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Archaeologists suggest the Bronze Age ended 100 years earlier than previously thought

New research published in the journal PLOS One suggests that the traditional dates assigned to the Greek Bronze Age — and thus, the end of the Aegean civilization — may be wrong.

The Bronze Age is generally thought to have ended around 1025 B.C.E., but the new study suggests the Bronze Age could have ended as many as 100 years earlier. Archaeologists from the University of Birmingham used radiocarbon dating to analyze 60 samples from animal bones, plant remains, and charred building timbers, which they collected from the Assiros excavation site in northern Greece, outside the modern city of Thessaloniki.

Previous historical dates, meanwhile, were obtained from Minoan and Mycenaean pottery and other exported and imported objects from Egypt. However, the study researchers hoped to find a more exact date for the time period, since previous dating methods had "wide error margins" and have "been viewed by some archaeologists with suspicion." The researchers add that the study has provided the first sequence of absolute dates that are "in no way mediated by reference to historical context or predicted duration of any phase."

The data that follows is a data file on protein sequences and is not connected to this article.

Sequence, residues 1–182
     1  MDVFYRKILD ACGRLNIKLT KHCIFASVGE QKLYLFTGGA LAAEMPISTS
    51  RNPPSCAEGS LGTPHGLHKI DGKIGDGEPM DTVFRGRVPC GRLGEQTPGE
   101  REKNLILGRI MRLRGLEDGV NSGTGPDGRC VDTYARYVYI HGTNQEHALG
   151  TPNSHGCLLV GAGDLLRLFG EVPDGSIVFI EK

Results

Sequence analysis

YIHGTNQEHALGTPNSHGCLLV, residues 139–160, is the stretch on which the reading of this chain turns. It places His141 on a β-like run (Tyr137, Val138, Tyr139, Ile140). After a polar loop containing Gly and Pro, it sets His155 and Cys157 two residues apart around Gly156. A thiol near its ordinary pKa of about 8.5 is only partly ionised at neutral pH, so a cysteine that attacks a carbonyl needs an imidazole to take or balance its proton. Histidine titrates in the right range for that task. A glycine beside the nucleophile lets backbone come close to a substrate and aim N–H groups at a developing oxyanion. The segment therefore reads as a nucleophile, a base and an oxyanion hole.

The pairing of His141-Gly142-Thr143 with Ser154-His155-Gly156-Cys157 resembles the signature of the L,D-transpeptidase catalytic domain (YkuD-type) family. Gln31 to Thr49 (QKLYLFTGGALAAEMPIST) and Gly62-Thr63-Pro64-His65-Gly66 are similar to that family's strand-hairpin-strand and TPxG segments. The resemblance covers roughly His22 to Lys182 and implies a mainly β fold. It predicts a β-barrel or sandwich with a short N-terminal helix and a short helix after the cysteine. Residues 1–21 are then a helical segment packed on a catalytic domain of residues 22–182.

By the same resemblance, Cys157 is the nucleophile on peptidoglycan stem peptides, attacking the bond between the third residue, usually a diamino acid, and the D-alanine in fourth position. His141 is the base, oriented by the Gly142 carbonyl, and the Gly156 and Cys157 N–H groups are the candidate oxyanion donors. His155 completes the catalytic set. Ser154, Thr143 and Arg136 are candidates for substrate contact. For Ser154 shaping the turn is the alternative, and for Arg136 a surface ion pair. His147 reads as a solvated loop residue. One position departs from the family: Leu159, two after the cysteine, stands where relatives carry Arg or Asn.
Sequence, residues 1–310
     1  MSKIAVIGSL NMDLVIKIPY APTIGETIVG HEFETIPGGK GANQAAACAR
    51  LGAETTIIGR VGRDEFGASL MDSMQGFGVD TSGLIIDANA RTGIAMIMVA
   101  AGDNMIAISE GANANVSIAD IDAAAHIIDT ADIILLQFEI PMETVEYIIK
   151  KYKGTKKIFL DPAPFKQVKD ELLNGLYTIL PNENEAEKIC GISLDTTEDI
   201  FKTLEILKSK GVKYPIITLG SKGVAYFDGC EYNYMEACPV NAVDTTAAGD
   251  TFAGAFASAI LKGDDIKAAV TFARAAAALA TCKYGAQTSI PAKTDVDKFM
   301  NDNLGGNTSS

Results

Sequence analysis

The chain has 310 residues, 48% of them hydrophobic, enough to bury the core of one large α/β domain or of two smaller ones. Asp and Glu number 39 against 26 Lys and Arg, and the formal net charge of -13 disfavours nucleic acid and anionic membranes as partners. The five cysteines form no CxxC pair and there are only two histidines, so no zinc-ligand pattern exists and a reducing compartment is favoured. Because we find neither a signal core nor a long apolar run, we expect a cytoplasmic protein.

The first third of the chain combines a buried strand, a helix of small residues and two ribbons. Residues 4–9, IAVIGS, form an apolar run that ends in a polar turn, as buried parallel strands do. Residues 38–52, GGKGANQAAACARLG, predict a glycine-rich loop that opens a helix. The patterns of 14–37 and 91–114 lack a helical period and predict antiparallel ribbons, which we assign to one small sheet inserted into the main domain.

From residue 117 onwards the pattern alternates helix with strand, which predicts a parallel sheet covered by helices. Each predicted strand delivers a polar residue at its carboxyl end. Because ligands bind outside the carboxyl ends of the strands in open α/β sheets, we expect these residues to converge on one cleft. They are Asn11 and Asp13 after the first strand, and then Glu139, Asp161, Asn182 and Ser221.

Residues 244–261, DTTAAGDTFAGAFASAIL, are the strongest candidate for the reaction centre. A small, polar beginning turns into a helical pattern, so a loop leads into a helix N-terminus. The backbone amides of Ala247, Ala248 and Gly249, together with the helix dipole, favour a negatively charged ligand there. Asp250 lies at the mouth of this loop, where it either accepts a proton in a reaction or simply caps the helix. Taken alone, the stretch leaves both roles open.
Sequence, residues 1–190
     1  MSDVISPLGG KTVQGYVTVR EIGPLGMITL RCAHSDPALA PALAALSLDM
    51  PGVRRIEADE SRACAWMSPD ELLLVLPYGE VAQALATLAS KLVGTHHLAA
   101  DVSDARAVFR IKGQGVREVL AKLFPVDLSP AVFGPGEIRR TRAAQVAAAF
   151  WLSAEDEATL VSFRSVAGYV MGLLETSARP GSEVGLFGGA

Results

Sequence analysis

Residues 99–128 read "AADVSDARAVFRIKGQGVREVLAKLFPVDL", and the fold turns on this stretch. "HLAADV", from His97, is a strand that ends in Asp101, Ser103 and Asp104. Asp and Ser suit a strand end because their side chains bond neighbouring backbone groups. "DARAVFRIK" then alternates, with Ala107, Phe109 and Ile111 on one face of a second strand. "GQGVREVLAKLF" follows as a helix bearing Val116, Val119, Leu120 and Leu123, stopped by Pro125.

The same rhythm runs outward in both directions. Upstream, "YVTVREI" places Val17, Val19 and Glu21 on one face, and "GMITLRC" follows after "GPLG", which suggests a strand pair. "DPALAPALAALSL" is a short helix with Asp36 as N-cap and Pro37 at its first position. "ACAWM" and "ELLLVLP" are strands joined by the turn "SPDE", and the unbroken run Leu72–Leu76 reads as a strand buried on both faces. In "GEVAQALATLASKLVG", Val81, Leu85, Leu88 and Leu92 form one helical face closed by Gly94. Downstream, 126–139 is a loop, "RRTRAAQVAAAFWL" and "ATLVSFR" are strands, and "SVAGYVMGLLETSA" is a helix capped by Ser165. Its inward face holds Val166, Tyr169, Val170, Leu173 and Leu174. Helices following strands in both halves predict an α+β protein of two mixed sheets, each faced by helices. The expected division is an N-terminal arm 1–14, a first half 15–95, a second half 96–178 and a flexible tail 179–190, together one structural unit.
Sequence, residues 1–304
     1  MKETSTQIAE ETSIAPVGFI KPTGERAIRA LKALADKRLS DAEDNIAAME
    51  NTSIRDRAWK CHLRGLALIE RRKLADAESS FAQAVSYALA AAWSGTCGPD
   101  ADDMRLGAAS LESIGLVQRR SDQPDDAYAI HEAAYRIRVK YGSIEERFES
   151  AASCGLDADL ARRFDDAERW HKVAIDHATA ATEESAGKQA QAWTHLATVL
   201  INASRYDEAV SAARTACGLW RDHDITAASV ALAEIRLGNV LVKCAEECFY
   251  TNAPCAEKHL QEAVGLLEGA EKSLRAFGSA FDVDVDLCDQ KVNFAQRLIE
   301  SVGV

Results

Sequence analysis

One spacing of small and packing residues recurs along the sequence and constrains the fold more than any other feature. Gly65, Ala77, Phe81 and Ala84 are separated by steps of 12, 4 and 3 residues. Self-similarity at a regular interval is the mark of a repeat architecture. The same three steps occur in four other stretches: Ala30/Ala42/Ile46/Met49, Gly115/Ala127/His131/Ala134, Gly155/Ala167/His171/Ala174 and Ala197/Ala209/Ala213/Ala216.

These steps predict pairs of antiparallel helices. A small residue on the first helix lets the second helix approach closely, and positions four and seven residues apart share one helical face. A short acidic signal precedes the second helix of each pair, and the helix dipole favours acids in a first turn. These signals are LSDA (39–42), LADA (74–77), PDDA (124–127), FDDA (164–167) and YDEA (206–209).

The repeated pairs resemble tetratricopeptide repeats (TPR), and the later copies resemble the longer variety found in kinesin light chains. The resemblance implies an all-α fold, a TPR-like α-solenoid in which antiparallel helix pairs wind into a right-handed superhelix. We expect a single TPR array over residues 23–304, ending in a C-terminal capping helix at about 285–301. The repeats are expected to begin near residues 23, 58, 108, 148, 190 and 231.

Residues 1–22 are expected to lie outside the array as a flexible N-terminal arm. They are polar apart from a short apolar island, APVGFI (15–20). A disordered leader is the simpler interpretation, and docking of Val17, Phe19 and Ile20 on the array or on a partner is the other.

After using radiocarbon dating on the samples, the researchers discovered that their absolute dates were "systematically earlier than the conventional chronologies of southern Greece by between 70 and 100 years," according to the study. Their data is the most complete set yet for the Greek Bronze Age, from the mid-14th century B.C.E. to the 10th century B.C.E. The study authors add that their findings support the idea of "high rather than low Iron Age chronologies from Spain to Israel," but they note that the timeline is still "fiercely debated."

"This is a fundamental reassessment and is important, not just for Greece, but in the wider Mediterranean context," Dr. Ken Wardle of the University of Birmingham's classics department, told Phys.org. "It affects the ways in which we understand the relationships between different areas, including the hotly debated dates of developments in Israel and Spain."